Industry Outlook 2005
Almost 3 million Floridians under age 65 do not have health insurance. The state is hoping to ease the problem this year as the 2004 Affordable Healthcare for Floridians Act goes into effect. One component involves rolling out health savings accounts (HSAs), which combine a savings account with a high-deductible health insurance policy. The idea is that the high-deductible policy will be less costly for both employers and employees, while the savings account provides tax benefits.
Also on the state's fast track is a high-risk insurance pool for Floridians with severe medical problems such as Lou Gehrig's disease and brain and spinal injuries. "It's supposed to be a safety net in the purest form," says Karen Bender, an actuary with Mercer Oliver Wyman who presented her finding to the board of the state-sponsored group on the issue. Floridians unable to obtain medical insurance would pay anywhere from one and a half to three times the price of a standard premium.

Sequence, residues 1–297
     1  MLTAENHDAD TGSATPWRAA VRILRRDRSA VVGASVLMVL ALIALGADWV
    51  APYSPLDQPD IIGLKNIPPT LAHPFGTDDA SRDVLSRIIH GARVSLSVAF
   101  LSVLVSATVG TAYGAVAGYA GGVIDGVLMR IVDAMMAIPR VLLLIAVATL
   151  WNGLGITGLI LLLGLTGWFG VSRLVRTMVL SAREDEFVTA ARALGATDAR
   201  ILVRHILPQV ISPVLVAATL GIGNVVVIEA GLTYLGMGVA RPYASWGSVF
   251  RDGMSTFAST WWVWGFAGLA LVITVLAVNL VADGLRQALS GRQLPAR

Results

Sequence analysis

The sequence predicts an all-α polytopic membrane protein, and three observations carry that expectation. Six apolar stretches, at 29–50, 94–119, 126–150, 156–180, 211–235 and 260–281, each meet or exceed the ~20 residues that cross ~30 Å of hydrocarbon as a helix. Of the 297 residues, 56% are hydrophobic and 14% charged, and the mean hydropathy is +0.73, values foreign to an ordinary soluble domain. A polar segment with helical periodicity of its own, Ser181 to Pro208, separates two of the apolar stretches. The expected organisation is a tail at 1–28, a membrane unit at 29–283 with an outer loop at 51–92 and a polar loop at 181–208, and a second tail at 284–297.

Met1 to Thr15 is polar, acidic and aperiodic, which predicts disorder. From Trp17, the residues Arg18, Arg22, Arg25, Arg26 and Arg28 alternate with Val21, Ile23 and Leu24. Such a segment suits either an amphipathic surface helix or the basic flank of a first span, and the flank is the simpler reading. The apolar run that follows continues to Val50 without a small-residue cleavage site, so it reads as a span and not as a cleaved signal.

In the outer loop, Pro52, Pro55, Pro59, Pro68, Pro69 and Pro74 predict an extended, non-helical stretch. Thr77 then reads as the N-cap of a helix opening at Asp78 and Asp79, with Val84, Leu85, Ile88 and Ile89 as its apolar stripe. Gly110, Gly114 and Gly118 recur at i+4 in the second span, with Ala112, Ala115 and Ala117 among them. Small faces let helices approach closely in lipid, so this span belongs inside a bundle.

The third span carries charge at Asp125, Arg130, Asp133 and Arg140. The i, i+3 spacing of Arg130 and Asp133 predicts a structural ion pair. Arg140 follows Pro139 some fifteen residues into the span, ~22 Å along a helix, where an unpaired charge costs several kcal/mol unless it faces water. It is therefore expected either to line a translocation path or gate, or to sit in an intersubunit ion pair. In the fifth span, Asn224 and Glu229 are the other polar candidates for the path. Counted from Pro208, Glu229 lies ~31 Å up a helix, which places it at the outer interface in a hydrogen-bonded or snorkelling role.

A stumbling block for healthcare is the spiraling cost of Medicaid, the state-federal program that primarily serves low-income children and senior citizens. Gov. Jeb Bush is expected to push for reform. Medicaid will cost Florida about $14 billion this fiscal year and is projected to almost quadruple to $52 billion in 2015 if nothing is done. "The cost is not sustainable," says Jerry Senne, president and CEO of Health First Health Plans in Brevard County and chairman of the Florida Association of Health Plans.
2005 Forecast: What healthcare issues will be worth watching in 2005? "The biggest one is healthcare inflation and then the price of medicine and malpractice insurance," says Jerry Senne, chairman of the Florida Association of Health Plans. Senne sees "continued healthcare inflation at a lower rate than 2004, which was approximately 11%, but at double the overall rate of inflation."